Ferndale police offer citizens police academy

By: Mike Koury | Woodward Talk | Published September 7, 2016

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FERNDALE — The Ferndale Police Department will be holding a citizen’s police academy throughout the month of October to allow residents to get familiar with how local officers conduct their work.

The four classes will take place every Thursday during October, from 6 to 8:30 p.m. beginning on Oct. 6 in the Ferndale City Council chambers, 300 E. Nine Mile Road. For people thinking about attending, police ask that only those able to attend all four classes apply, as the class is limited to 20 people. People can apply at www.ferndalemi.gov/Services/Police_Services.

The classes are restricted to people who reside, work or attend religious service in the city or live within the Ferndale Public Schools district.

“It’s definitely to let them look inside a little bit on what we do, how we do things, (and) maybe they’ll see why we’re doing the things that we’re doing that they may not understand or even agree with,” Ferndale Police Sgt. Baron Brown said. “It’s just to be able to get that perspective.”

It also aims to show the perspective of why it might take a while for a case to be investigated.

“It’s going to let them see how long it takes, and it’s not us dragging our feet,” he said. “It’s a system. A system works slowly, unfortunately. It’s going to see the passion that Ferndale police officers have and making an arrest when something bad happens in our city.”

An example of that is showing what the officers do when they’re on a domestic violence run, and they’ll explain to residents why they have the suspect and the victim with their backs to one another and the officers standing so they’re face to face.

“Our singular focus is to make sure that nobody gets hurt and that we don’t get hurt,” Brown said. “Standing in that particular position allows us to respond if either of the officers get in trouble with the person they’re interviewing with, and they assault them or try to assault them or try to escape. It also cuts off that face-to-face contact between the suspect and the victim. It creates more comfort for the victim to be able to talk to us.”

Brown said they will lead attendees through a recent high-profile case from the initial patrol response and how they respond to the call, to what they’re looking for walking into a scene and dealing with collecting, identifying and processing evidence.

“How the detectives are going to follow up with interviewing victims, witnesses, suspects, how they put that together, how to weave the evidence that we’ve collected into the story that they’re going to present to the prosecutor to get a warrant or to get a search warrant in order to get more evidence because we don’t have enough,” he said.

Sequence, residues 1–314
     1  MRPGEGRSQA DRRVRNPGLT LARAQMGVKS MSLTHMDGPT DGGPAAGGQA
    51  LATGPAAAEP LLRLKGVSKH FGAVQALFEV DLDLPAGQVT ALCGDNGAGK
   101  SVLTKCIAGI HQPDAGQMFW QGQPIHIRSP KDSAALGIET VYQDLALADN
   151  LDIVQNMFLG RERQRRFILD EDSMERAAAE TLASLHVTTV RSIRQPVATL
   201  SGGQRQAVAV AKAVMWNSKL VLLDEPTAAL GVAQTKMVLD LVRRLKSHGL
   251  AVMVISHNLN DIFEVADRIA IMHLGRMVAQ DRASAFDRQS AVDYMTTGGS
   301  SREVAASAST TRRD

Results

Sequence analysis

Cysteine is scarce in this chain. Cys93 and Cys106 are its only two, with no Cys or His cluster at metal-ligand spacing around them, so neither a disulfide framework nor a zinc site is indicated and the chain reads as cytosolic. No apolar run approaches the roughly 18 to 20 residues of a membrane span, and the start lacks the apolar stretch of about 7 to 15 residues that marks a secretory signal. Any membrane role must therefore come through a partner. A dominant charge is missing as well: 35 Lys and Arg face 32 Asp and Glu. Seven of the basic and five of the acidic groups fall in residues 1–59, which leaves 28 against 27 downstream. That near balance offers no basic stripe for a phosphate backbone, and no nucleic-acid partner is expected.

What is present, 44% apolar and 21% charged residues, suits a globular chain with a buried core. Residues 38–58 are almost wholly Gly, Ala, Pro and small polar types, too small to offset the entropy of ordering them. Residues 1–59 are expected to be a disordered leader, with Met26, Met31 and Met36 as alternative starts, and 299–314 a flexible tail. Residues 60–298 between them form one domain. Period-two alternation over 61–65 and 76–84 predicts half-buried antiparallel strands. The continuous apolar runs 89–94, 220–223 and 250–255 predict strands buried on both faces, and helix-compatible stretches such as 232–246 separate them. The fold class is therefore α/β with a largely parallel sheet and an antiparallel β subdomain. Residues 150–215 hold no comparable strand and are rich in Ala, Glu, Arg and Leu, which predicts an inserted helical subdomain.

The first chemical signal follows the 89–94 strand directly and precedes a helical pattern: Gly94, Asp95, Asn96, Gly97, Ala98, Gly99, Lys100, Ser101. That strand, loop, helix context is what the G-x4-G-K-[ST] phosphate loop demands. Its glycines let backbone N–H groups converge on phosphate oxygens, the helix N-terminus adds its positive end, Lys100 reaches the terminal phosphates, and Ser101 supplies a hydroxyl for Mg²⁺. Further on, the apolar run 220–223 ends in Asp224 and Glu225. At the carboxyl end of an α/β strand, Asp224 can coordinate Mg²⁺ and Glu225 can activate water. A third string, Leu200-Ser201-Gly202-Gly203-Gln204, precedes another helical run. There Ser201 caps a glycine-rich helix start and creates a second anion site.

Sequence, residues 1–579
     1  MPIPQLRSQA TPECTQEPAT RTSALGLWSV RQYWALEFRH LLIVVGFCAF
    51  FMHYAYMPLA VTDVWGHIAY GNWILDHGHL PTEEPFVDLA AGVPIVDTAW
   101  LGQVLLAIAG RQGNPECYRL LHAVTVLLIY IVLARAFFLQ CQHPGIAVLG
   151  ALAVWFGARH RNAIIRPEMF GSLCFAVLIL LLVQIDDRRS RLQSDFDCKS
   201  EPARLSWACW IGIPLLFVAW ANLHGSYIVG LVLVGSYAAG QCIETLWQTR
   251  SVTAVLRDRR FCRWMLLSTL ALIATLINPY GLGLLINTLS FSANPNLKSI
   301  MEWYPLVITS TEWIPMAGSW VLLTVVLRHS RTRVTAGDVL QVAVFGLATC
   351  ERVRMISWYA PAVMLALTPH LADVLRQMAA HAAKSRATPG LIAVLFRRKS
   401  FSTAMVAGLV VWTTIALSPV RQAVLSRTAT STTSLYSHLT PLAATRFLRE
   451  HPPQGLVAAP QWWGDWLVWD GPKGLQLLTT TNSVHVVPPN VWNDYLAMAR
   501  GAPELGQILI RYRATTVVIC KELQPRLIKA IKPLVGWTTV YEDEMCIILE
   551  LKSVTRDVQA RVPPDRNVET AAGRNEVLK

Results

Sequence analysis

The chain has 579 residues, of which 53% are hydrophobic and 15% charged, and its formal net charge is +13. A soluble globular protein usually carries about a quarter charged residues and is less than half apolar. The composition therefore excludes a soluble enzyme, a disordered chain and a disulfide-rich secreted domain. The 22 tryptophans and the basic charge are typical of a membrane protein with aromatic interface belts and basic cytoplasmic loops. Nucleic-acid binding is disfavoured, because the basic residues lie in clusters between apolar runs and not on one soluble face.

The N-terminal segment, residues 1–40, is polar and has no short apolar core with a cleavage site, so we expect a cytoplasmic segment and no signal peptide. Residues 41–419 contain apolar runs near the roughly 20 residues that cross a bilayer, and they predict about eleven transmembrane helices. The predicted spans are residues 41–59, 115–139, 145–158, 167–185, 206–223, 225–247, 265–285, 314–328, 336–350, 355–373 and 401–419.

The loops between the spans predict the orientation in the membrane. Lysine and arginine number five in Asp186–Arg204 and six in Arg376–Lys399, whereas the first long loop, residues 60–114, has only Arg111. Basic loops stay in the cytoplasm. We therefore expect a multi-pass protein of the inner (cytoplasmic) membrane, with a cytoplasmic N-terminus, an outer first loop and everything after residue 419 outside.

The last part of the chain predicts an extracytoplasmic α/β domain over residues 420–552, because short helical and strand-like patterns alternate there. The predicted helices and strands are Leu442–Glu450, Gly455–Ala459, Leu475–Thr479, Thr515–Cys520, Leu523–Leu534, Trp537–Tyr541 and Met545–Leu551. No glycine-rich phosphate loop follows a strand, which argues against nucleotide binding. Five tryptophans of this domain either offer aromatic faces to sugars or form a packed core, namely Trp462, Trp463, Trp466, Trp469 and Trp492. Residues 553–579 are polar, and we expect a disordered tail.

Brown said they opted to go with this type of presentation to get attendees more involved, rather than having someone talk at them for a of couple hours.
“It’s going to be more interesting because instead of an officer saying, ‘This is what I do,’ we’re going to be able to throw up dash cam video, show evidence photos, kind of maybe look at some evidence if we have a case that is fully disposed of,” he said.

Other topics include administrative work, building trust within the community, how they deal with complaints, and the hiring process for officers. It will also cover the training it takes to become a police officer and the weekly training one goes through to stay up-to-date on laws and best practices on the job.

“It’s a two-headed approach,” he said. “We’re going to let them see the administrative side of things and how that, for us, is changing for the better, but also … let them see things on the operations side as well.”

Although he hasn’t taken the class himself, Mayor Dave Coulter, who said he’s spent time on police ride-alongs, said this is a chance for people to see how a police officer works.

“It’s more important than ever that residents have (a) true understanding of the nature of police work and that our police officers have a good relationship with the residents they serve,” he said.

Coulter said they’ve been moving toward a community-policing-model philosophy when it comes to the department, which means police officers building strong ties and working closely with the community, and this academy goes in line with that model.

“It’s about transparency with our department and building relationships between our officers and the residents they protect,” he said.
“We live in a day and age where relationships between communities and police have changed, and we think a key part of making sure our Police Department’s successful is to build and rebuild those relationships.”

What Brown wanted to emphasize is that the academy is open to anyone who wants to attend, even those who have committed a crime in the past.

“We want everyone who’s interested to get a fair shot at going through our citizens police academy,” he said. “If you’ve been arrested in the past or you have negative police contact, that doesn’t automatically disqualify you from attending.

“We think that’s important because those are the people that probably want to know more about us, and we want to let them get to know us,” Brown said.

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